Although it is not disputed that the parties to a contract may specify the state law which is to control, see First Wisconsin National Bank of Madison v. Nicolaou, 85 Wis. 2d 393, 397-98 n. 1, 270 N.W.2d 582, 584-85 (Ct. App. 1978), appeal dismissed, 87 Wis. 2d 360, 274 N.W.2d 704 (1979), the trial court ruled that Hammel and Ziegler had not satisfactorily indicated a choice of Missouri law. Apparently, the trial court believed the use of the word "construed" evidences only an intention that Missouri law control mere contract construction. The court stated that had the parties wanted the Missouri statutes to regulate legal aspects of the transaction, including interest rate limits set by law, they could have said the documents were to be governed by the law of that state. We disagree with the trial court's analysis.

The purpose of contractual construction is to ascertain the true intention of the parties as expressed by the contractual language, rather than to put a trick interpretation or twist on one word. Langer v. Stegerwald Lumber Co., 259 Wis. 189, 192, 47 N.W.2d 734, 735 (1951). A reasonable meaning should be given to all provisions of an agreement so as not to render any part of the contract surplusage. Hastreiter v. Karau Buildings, Inc., 57 Wis. 2d 746, 748, 205 N.W.2d 162, 163 (1973). We recognize that some courts have attached significance to the distinction drawn by the trial court. See, e.g., Boat Town U.S.A., Inc. v. Mercury Marine Division of Brunswick Corp., 364 So. 2d 15, 17 (Fla. App. 1978). We conclude, however, that the better reasoned cases are in accord with C.A. May Marine Supply Co. v. Brunswick Corp., 557 F.2d 1163 (5th Cir. 1977) (adopting district court opinion).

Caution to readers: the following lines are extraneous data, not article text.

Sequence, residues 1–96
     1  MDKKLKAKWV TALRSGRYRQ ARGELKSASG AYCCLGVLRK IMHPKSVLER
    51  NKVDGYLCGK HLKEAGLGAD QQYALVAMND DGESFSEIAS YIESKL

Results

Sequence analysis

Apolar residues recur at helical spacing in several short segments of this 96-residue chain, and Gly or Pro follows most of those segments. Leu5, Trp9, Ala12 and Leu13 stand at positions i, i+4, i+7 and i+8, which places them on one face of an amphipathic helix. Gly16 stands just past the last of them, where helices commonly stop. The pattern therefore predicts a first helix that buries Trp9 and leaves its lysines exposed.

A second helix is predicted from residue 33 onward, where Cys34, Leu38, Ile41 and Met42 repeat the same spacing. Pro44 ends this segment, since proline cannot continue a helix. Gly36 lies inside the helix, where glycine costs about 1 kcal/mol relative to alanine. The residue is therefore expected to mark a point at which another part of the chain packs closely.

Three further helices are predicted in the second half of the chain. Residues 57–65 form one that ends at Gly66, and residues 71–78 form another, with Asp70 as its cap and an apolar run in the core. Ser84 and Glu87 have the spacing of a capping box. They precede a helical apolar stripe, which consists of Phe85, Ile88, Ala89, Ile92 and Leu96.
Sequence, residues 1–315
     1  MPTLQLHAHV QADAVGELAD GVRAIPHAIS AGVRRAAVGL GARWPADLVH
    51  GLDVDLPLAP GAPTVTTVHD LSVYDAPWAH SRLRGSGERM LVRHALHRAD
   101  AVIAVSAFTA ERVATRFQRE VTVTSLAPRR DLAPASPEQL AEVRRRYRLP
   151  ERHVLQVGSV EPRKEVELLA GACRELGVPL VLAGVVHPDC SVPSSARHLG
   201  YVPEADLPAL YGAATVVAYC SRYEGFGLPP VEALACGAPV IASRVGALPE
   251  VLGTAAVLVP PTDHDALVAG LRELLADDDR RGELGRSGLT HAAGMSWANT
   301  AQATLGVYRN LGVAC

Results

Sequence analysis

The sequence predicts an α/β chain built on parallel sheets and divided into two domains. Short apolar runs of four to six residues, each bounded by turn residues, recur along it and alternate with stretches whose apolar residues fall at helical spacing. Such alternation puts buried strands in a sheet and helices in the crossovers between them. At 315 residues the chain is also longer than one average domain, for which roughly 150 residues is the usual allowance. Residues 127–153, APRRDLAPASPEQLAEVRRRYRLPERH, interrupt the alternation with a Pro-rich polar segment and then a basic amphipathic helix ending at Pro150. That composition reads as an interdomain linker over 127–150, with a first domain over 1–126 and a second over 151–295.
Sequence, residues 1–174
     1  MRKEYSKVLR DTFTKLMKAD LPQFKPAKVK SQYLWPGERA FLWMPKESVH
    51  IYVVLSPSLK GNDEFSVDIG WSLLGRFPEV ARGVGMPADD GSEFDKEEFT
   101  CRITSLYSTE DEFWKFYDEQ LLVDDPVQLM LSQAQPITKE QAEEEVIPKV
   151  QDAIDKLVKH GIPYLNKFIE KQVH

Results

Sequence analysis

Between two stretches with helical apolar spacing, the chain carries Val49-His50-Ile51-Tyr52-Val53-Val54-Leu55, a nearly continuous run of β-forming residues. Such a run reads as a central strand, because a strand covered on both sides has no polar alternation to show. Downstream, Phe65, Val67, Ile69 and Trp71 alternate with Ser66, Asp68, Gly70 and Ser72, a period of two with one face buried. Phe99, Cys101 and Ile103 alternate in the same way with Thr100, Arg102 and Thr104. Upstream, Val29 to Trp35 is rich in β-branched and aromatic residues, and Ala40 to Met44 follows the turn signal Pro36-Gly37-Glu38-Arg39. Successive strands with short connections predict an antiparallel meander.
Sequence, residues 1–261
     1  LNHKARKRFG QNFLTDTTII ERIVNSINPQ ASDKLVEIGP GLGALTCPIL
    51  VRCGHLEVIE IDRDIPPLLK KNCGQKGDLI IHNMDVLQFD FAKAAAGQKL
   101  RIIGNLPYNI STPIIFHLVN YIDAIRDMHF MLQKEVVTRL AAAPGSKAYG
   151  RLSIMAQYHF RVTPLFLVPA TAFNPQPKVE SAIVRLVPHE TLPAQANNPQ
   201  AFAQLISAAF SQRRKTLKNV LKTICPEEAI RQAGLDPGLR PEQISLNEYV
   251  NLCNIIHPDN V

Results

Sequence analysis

In C.A. May, the issue was whether the Wisconsin Fair Dealership Law applied to a contract made by a Georgia dealer and a Wisconsin manufacturer. The "interpretation" section of the dealership contract stated:

This agreement and all of its provisions are to be interpreted and construed according to the laws of the State of Wisconsin.

Like this case, it was argued in C.A. May that the law of the state named in the contract did not control the rights and duties of the parties because the contract used the terms "interpreted or construed" instead of "governed." Although it recognized that the terms are technically distinguishable, the court concluded it was unlikely such a fine distinction was intended by the parties. C.A. May, 557 F.2d at 1165. The court said that it could "conceive of few circumstances where resort must be had to state law to determine the meaning of ambiguous terms, but not to impose state substantive law upon the parties." Id. The court also determined the definition of the word "construe" as meaning that the law of the state named in the contract controlled the entire relationship. Id.

C.A. May is persuasive reasoning. It is highly unlikely that the parties to this contract intended to make the distinction drawn by Hammel and the trial court. Common sense tells us that the process of construing an agreement includes, in addition to the definition of possible ambiguous terms, the application of the terms to the case in question. This application may require resort to extrinsic sources such as the substantive law. Thus, by indicating the law to be used in ...